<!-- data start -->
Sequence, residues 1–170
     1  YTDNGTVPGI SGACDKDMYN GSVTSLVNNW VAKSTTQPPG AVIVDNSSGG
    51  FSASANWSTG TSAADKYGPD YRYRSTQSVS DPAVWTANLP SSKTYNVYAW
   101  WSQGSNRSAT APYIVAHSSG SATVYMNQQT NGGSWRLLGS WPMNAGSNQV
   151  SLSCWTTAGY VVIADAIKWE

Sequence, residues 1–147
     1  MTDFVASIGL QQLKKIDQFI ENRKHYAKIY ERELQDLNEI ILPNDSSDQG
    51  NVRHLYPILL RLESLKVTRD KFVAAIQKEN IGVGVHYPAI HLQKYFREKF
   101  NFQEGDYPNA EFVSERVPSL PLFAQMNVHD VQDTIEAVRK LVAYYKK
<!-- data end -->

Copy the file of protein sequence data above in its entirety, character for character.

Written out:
Sequence, residues 1–170
     1  YTDNGTVPGI SGACDKDMYN GSVTSLVNNW VAKSTTQPPG AVIVDNSSGG
    51  FSASANWSTG TSAADKYGPD YRYRSTQSVS DPAVWTANLP SSKTYNVYAW
   101  WSQGSNRSAT APYIVAHSSG SATVYMNQQT NGGSWRLLGS WPMNAGSNQV
   151  SLSCWTTAGY VVIADAIKWE

Sequence, residues 1–147
     1  MTDFVASIGL QQLKKIDQFI ENRKHYAKIY ERELQDLNEI ILPNDSSDQG
    51  NVRHLYPILL RLESLKVTRD KFVAAIQKEN IGVGVHYPAI HLQKYFREKF
   101  NFQEGDYPNA EFVSERVPSL PLFAQMNVHD VQDTIEAVRK LVAYYKK